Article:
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Saturday, July 12, 2008
American Fork's Mythical Opt-Out Recycling Program

It's mythical because it doesn't exist, at least not yet. (Please note that no actual horses were harmed in the creation of this blog post. All equine carnage herein is metaphorical.)

You've probably read something somewhere about American Fork switching from its current opt-in recycling program, where you have to sign up to participate, to an opt-out program, where everyone gets billed for recycling unless they notify the City that they don't want to be in the program. At this point, it's not exactly news. But it's not exactly real, either.

Part of me says opt-out is a reasonable compromise between the current program and mandatory recycling. (Some prefer to call it universal instead of mandatory. Whatever.) Part of me says that the City just threw in its collective lot with the retailers who use rebates to get people to buy things, knowing they'll make good money on all the people who forget to send for the rebate in time; it feels a bit underhanded. Part of me says that the City should try a serious public relations campaign for its current recycling program before it gives up on the current program.

That's too many parts of me to track, really, but the merits of the idea aren't really my point here. The political reality is, and it's a bit weird. You start to get a sense of it from what was reported.

What Was Reported

The Daily Herald incorrectly reported on June 29 that American Fork already switched to an opt-out system. The Deseret News was closer to reality with its report that the City Council "has decided to develop" such a program. There was also a report or two that the City was already trying to figure out how to spend the $50,000 it will save on garbage dumping fees with a more aggressive recycling program, but some elected officials promptly reminded other elected officials that the law doesn't allow dollars to be shuffled from an "enterprise fund" (such as garbage collection) back into the general fund, so we probably won't hear too much more about that.

There was an item at American Fork City's official web page for a while, which explained more or less accurately what the City Council actually did. I believe it said, "City staffers have been told to write an ordinance governing the program for council members to debate." But it's gone now, in favor of a short blurb urging residents to sign up for the current recycling program.

What Really Happened

What really happened is rather odd and pointless. Here's the account from the official minutes of the City Council's June 10 meeting.

First, there was a motion:

Councilmember Kramer moved to approve implementation of an opt-out recycling program and direct staff to prepare an ordinance to this effect. Councilman LeBaron seconded the motion.

Then, after discussion, the motion was amended, the second accepted the amendment, and there was a vote. The motion approving the ordinance passed three to two.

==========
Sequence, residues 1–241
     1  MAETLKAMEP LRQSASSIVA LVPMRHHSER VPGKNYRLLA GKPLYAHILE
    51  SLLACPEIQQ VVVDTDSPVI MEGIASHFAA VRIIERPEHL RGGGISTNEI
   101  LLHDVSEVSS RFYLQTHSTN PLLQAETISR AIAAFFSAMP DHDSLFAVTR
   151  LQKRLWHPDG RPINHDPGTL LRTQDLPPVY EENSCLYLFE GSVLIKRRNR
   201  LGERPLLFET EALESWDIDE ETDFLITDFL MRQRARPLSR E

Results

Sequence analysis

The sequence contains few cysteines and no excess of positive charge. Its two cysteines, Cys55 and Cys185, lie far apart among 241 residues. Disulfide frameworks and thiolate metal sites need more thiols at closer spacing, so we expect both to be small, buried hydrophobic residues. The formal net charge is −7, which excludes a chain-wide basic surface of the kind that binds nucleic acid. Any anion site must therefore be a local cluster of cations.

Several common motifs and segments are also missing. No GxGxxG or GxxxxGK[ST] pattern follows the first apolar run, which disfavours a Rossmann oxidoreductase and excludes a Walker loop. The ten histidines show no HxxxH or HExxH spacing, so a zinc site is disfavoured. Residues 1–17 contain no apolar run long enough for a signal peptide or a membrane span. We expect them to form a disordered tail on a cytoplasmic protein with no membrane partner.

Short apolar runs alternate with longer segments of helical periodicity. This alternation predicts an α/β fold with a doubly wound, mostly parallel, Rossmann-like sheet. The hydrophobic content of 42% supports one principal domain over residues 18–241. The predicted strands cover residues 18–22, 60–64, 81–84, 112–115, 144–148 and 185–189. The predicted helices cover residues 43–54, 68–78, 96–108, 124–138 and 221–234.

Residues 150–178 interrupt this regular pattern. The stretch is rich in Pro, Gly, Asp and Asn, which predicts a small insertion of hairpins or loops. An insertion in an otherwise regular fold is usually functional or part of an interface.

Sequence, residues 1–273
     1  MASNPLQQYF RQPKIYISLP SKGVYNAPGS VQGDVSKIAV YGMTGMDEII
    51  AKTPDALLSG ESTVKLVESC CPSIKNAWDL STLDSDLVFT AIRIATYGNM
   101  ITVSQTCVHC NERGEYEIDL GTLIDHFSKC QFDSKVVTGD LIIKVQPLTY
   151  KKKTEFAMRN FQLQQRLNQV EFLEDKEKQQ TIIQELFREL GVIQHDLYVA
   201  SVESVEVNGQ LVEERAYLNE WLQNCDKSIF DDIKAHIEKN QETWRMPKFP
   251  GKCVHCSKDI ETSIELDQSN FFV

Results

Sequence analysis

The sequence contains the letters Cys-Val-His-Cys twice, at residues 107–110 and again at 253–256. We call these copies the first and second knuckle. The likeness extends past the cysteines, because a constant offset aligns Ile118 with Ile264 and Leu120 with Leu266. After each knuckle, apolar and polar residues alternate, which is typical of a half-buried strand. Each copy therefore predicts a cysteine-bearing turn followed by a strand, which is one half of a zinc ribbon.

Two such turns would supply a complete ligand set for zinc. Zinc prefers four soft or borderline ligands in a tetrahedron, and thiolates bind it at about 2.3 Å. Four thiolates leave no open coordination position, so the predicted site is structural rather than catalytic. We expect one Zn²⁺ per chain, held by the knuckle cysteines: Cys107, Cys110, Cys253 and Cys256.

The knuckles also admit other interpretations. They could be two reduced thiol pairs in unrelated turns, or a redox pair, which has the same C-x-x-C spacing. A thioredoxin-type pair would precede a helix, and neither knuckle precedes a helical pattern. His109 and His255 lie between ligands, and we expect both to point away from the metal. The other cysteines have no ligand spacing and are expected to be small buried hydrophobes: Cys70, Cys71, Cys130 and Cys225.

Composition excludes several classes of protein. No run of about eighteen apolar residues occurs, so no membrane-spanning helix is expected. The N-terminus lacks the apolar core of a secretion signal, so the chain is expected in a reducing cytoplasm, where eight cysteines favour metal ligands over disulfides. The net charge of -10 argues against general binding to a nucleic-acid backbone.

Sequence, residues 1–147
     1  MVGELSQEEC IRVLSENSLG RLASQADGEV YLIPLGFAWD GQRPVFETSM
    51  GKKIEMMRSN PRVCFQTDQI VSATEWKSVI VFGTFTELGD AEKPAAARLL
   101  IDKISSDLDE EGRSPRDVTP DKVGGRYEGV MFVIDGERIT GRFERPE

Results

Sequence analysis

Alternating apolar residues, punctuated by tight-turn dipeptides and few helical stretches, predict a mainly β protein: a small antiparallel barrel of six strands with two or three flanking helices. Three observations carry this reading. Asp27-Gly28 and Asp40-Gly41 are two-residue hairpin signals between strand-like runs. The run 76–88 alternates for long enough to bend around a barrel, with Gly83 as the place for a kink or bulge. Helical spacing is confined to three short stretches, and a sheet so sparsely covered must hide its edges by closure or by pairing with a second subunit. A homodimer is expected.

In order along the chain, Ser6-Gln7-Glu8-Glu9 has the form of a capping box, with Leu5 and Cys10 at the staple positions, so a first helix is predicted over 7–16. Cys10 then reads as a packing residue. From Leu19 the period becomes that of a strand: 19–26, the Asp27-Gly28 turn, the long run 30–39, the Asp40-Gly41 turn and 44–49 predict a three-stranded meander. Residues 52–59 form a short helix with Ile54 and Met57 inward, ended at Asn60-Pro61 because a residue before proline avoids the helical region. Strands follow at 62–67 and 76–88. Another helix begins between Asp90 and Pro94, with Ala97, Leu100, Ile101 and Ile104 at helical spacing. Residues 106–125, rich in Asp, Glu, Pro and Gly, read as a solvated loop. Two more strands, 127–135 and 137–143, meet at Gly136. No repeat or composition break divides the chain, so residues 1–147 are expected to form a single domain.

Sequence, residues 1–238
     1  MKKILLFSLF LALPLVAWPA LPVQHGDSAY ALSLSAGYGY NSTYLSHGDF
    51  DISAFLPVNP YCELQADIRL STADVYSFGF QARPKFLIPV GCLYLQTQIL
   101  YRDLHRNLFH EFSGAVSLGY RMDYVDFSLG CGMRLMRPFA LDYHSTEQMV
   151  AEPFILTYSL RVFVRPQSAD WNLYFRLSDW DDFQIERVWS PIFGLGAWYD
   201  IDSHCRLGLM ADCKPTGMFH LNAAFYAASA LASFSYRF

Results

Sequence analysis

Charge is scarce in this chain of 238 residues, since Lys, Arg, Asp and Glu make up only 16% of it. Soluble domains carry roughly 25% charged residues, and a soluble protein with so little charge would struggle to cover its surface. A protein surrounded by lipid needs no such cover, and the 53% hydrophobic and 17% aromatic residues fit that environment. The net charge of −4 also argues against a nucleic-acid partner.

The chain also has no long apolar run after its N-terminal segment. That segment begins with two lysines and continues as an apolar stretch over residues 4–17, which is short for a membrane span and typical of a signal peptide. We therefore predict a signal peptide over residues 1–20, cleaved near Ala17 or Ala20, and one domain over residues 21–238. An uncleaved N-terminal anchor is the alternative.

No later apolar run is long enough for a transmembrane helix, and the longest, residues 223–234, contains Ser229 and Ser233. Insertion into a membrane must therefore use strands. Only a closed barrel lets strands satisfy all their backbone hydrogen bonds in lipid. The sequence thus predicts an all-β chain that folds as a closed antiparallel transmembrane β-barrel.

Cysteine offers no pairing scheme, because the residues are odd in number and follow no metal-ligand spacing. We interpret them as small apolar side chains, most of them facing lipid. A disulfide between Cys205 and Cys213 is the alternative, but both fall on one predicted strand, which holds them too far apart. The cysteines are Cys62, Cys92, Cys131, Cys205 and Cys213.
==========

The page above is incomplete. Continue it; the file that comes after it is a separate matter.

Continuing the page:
Councilmember Kramer amended her motion to implement the opt-out program, with the first step being to direct staff to come back with an ordinance specifying the detail on the optout program. Councilman LeBaron accepted the amendment. Mayor Thompson called for a vote on the motion. Those voting in favor were Councilmember Kramer, Councilman LeBaron, and Councilman Storrs. Councilman Gunther and councilmember Rodeback voted against the motion. The motion carried.

Why This Is Weird

Even after the vote, the City does not have an opt-out recycling program. The ordinance the Council approved did not create or order the implementation of such a program. It simply ordered City staff to do what the Mayor could have directed staff to do without an ordinance. The Mayor seems to support the program, so what was the point of this ordinance?

The real vote, the vote on an ordinance which implements a detailed opt-out recycling plan, comes sometime later, by which time the vote may be different.

These motions and ordinances are prepared in advance by City staff. The motions themselves are subject to the whims of the Council members who make and second the motions. I could be wrong, but I don't see how this particular vote was anything more or less than a waste of time, an unfortunate mix of ill-conceived staff work and unreflective governance.

The way these things work in a rational political world -- pardon the likely oxymoron -- is as follows: Staff drafts an ordinance. Council passes it or not, possibly after some amendment, and perhaps after significant additional staff work. Then, assuming the ordinance passed, staff implements the ordinance. In this case, what happened was more like this: The Council passed an ordinance to implement the program by directing staff to draft an ordinance implementing the program for the Council to adopt so that staff can implement it. This is a few degrees of illogic beyond merely putting the cart before the horse. It is more like putting cart and horse into the same gigantic blender and flipping the switch. It's a gory mess.

So What?

If you're wondering what staff work might have been appropriate on this issue, read MFCC's account of why she voted against the ordinance. No one seemed to be able to come up with numbers to justify the change, but -- except for actually drafting the ordinance that implements the program -- isn't that the most obviously necessary staff work on this issue?

Meanwhile, the majority of the Council seems to think that anyone who doesn't opt out by August 31 will get a new, large blue container and an additional $4.75 on the monthly water/sewer/garbage bill. So presumably they intend the second, real ordinance to be ready and passed by then. But they haven't done it yet. They haven't done anything yet, really, that needed to be done by the City Council.

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